Florida State University hosted two intense, one-week programs designed to help women of color, particularly black women, thrive in academia earlier this month.
Nearly 100 women, including undergraduates, postgraduates and faculty members, participated in the Sisters of the Academy (SOTA) Research BootCamp and the Priming the Pipeline mentoring program held July 30 – Aug. 5, 2017. These educational workshops, now in their 16th year, are hosted by SOTA and co-sponsored by the FSU College of Education.
According to the National Center for Educational Statistics (NCES), of the 2.9 million postbaccalaureate students enrolled in fall 2014, less than a quarter were black. That number drops even lower for faculty. NCES reports that in fall 2013, there were 1.5 million faculty at degree-granting postsecondary institutions — only three percent were black women.
“Black women are underrepresented in academia,” said Tamara Bertrand Jones, an associate professor of higher education at FSU and a founding member of SOTA. “In these workshops, we help prepare undergraduate and graduate students for careers in higher education by addressing the issues that black women scholars frequently experience in academic environments, such as work-life balance and learning to excel in male-dominated departments.”
Both programs go beyond just academics, though. Through afterhours sessions, such as “Sista Chats,” yoga and self-defense, the Research BootCamp and Priming the Pipeline program take a holistic approach to professional development that involves mind, body and spirit.
The Research BootCamp assists women doctoral students and junior scholars to develop sound research projects. Senior scholars – prominent black women who hold or have held leadership positions in higher education – facilitate workshops to help doctoral students conceptualize and design components of their dissertations (i.e., formulating research questions or hypotheses, developing literature review, selecting instrumentation, designing methodology and completing data analysis). Senior scholars also assist junior scholars in the development of manuscripts for publication and advisement for tenure and promotion.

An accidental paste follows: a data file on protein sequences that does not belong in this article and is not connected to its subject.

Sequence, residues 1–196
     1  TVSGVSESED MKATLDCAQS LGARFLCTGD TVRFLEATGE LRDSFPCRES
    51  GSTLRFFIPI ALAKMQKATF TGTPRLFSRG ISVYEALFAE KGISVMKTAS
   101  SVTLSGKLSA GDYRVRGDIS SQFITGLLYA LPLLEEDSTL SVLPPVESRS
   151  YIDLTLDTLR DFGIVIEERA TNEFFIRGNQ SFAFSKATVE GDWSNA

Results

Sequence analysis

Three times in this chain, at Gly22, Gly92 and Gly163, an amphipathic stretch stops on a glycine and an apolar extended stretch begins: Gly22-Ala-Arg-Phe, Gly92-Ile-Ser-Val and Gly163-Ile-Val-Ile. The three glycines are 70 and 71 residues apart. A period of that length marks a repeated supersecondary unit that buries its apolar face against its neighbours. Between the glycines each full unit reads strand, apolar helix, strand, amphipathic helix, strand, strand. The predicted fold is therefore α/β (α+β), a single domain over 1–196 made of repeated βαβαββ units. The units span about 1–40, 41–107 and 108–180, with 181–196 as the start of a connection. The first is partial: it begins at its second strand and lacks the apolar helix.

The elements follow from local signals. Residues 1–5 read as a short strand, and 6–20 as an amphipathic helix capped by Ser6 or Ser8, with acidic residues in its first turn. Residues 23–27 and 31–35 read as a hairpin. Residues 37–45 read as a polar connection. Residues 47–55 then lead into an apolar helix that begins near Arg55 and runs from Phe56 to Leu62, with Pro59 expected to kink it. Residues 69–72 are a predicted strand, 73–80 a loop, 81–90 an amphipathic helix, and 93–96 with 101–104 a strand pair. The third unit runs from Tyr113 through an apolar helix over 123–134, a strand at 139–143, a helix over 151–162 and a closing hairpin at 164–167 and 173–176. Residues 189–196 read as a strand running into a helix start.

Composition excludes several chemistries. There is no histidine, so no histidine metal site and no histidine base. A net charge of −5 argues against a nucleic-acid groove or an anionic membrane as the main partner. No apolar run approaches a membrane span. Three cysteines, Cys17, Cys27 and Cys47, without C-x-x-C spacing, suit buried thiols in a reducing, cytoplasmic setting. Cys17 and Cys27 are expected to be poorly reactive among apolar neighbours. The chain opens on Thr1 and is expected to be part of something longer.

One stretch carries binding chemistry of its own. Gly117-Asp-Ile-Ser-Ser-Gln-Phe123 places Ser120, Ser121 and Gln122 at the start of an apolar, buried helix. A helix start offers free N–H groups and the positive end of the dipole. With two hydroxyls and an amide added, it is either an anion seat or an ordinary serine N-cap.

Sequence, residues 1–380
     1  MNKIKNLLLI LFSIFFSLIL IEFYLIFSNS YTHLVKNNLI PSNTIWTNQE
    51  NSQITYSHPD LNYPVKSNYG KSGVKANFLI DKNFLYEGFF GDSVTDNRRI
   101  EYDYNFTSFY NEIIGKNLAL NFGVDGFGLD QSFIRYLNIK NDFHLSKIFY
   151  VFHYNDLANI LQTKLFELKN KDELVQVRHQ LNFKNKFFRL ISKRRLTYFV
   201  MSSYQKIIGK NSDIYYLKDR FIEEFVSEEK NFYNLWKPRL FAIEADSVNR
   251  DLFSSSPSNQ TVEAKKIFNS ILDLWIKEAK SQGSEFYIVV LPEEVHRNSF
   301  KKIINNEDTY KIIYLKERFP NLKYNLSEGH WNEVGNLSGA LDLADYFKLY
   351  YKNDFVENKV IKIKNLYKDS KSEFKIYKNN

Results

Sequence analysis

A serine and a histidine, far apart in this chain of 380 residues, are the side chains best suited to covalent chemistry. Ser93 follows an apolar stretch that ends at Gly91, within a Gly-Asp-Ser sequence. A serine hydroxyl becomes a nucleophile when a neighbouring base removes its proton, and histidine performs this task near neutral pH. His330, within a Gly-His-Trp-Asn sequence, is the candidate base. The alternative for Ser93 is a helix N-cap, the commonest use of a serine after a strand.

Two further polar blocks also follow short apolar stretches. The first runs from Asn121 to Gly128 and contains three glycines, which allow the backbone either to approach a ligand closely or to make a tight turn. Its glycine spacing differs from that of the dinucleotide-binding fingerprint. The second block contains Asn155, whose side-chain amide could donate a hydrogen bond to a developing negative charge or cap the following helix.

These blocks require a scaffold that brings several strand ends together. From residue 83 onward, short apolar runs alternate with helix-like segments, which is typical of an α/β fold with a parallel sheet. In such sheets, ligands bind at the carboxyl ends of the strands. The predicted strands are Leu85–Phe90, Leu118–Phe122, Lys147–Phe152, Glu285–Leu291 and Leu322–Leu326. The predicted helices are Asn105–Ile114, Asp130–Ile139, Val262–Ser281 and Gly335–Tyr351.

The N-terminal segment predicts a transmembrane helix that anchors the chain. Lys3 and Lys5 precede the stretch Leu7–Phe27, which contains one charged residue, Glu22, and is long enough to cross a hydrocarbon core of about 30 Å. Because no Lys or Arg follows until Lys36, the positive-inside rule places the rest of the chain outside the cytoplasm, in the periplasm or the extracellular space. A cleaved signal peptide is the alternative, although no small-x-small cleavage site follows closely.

“Often, the process of pursuing a doctoral degree is confusing,” Bertrand Jones said. “The goal of the BootCamp is to demystify the process and provide black women the support to foster success in the areas of teaching, scholarly inquiry and service to the community.”
Priming the Pipeline is focused on providing undergraduate women mentoring, leadership and community engagement. SOTA scholars mentor undergraduate and graduate women of color as they develop their educational and career goals, identify their strengths and passions, learn to work in collaboration with others in a research environment and gain the skills and motivation necessary to complete postbaccalaureate degrees.
“Through Priming the Pipeline, we hope to increase the number of black women students who take the big step of pursuing graduate degrees,” Bertrand Jones said. “This program offers individuals access to a supportive network of influential women who can provide the invaluable support young women need as they navigate higher education.”
Sisters of the Academy (SOTA) Institute was founded at Florida State University in 2001 by a group of students who bonded as they worked on their doctoral studies. SOTA aims to establish an educational network of black women in higher education, and through programs such as the Research BootCamp and the Pipeline Mentoring Program, facilitate collaborative scholarship and success.
For more information about SOTA and their programs visit, http://www.sistersoftheacademy.org/.